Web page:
Wednesday, April 24, 2013

The Joba Rules in 1971?

I'm finishing Roger Angell's classic book, 'The Summer Game'. In it he mentions the young pitching sensation for the Oakland A's, Vida Blue. It was mentioned he threw 312 innings in 1971. If a pitcher threw that many innings now, his arm would fall off, and a manager and his pitching coach would be fired!
The most interesting part of the article was that Angell mentions that teams were implimenting pitch counts and some organizations wouldn't allow young pitchers to throw specialty pitches such as the slider until they reached AA.
I just found it interesting that for the time teams were looking into babying pitchers. Back then you finished what you started. Thats how it was back in the day. A pitcher would throw and throw and throw. Nowadays a pitcher doesn't have a bullpen session until a couple days after a start.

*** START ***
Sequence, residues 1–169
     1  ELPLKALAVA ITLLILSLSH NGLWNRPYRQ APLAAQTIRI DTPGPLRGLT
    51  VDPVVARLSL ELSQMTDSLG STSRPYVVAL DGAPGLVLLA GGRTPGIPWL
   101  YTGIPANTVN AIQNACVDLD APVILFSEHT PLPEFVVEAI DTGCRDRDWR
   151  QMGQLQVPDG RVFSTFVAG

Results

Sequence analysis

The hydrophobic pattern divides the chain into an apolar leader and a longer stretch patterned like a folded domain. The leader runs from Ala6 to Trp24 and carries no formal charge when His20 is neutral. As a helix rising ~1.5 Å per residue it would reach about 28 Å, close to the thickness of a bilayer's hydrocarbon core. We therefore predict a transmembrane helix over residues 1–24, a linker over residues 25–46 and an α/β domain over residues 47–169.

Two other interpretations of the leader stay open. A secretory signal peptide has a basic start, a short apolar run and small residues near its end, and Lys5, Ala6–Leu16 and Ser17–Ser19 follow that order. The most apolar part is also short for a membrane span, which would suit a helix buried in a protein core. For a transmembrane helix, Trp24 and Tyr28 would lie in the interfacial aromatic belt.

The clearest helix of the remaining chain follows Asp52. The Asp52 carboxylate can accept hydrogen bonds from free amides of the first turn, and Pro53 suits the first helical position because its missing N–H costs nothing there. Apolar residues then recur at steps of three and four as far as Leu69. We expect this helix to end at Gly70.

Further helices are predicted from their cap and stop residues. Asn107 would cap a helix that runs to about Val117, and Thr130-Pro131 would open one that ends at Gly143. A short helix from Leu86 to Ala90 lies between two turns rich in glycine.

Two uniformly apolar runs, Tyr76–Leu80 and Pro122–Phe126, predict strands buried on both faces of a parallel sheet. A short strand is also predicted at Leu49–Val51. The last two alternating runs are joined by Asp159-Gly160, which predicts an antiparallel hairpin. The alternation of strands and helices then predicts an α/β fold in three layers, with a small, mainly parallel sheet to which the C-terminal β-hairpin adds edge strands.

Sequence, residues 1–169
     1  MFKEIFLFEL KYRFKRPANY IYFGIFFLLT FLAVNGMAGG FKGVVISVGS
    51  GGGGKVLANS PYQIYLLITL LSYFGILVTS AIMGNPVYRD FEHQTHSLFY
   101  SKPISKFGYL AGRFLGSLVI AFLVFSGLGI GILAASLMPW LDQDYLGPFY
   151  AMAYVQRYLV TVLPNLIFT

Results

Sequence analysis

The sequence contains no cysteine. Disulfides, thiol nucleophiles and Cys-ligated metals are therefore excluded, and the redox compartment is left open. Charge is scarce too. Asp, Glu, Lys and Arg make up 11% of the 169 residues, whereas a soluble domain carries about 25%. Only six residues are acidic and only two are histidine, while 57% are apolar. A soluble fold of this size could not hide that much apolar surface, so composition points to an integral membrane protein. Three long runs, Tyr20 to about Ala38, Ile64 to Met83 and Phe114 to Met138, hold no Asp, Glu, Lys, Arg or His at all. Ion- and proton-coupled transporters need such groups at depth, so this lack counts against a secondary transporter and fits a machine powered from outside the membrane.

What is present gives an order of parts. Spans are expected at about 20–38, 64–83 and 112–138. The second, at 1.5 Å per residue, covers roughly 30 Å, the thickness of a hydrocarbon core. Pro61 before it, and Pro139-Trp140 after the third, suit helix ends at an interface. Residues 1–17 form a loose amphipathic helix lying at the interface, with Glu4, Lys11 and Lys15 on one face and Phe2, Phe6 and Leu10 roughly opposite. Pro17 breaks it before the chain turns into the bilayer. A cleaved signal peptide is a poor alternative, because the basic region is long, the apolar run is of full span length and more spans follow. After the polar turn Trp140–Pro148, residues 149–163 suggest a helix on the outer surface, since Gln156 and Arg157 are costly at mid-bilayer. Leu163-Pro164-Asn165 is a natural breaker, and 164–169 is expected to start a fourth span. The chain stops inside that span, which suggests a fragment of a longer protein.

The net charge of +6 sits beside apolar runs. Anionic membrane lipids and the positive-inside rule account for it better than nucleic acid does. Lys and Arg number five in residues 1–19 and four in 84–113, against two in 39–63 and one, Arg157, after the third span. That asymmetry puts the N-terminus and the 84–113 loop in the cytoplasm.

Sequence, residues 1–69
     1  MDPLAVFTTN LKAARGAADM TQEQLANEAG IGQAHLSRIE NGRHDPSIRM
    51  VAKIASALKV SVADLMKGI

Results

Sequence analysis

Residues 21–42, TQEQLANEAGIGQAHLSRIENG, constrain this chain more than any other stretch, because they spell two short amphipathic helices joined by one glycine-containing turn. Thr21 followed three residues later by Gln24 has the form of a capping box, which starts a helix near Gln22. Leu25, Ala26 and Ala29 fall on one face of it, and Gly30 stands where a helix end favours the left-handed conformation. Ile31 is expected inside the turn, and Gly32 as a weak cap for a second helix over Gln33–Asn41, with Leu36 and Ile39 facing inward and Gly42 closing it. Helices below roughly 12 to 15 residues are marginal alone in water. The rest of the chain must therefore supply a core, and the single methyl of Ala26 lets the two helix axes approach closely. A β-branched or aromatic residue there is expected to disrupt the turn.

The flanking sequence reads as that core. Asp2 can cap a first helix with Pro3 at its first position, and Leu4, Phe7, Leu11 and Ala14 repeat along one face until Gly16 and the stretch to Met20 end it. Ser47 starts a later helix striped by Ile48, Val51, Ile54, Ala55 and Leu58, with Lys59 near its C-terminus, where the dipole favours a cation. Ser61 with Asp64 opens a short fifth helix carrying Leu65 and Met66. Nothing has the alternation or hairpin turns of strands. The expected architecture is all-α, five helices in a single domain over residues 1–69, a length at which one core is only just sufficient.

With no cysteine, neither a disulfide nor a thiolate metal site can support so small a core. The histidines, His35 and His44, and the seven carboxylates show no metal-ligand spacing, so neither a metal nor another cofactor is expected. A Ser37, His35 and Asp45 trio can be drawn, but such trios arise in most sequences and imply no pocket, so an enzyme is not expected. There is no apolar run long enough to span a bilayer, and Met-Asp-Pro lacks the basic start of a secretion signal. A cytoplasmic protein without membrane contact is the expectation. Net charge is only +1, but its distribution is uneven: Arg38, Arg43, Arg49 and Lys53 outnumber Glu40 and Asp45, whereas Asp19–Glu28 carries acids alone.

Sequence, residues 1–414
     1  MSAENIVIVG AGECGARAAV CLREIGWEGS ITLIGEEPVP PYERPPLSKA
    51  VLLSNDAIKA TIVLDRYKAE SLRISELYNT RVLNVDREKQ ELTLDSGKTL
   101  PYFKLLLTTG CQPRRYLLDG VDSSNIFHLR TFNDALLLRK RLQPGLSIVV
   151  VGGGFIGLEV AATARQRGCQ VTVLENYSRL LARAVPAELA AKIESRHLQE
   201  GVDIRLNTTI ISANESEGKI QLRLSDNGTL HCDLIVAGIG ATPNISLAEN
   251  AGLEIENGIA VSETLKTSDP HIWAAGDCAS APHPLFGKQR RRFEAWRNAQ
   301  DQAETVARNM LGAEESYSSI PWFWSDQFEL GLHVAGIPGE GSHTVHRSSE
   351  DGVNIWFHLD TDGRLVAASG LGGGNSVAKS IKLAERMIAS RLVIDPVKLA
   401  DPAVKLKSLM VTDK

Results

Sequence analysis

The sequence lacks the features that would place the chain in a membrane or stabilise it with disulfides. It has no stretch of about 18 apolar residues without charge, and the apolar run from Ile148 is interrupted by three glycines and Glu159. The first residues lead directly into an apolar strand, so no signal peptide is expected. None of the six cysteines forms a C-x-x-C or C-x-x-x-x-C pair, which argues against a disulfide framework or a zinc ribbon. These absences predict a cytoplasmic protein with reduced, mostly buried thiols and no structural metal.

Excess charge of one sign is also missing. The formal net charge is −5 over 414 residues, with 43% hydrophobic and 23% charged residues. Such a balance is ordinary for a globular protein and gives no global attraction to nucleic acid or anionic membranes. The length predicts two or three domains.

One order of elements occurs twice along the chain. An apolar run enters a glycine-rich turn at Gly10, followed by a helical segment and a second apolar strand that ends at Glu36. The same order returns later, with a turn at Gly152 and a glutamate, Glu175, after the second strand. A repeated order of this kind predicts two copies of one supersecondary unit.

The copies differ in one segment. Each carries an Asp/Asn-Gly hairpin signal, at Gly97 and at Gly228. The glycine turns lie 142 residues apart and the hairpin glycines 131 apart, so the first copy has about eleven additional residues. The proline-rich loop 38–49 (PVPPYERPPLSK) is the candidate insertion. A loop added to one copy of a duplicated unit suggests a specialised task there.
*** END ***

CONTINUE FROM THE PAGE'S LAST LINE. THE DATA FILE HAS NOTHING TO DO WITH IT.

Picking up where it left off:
Its been said the Yankees ruined Joba Chamberlin by protecting him too much. Then you have a team like the Dodgers who would have pitchers blow their arms out. The Dodgers ruined many a young pitchers career by having them throw too much. I knew a guy who played in their farm system, and he said he was a Jobe Boy. Thats in reference to Dr. Frank Jobe, who perfomed and perfected the art of Tommy John surgery.
I thought limiting innings and pitch counts was a current idea. Looks like it was born forty years ago.

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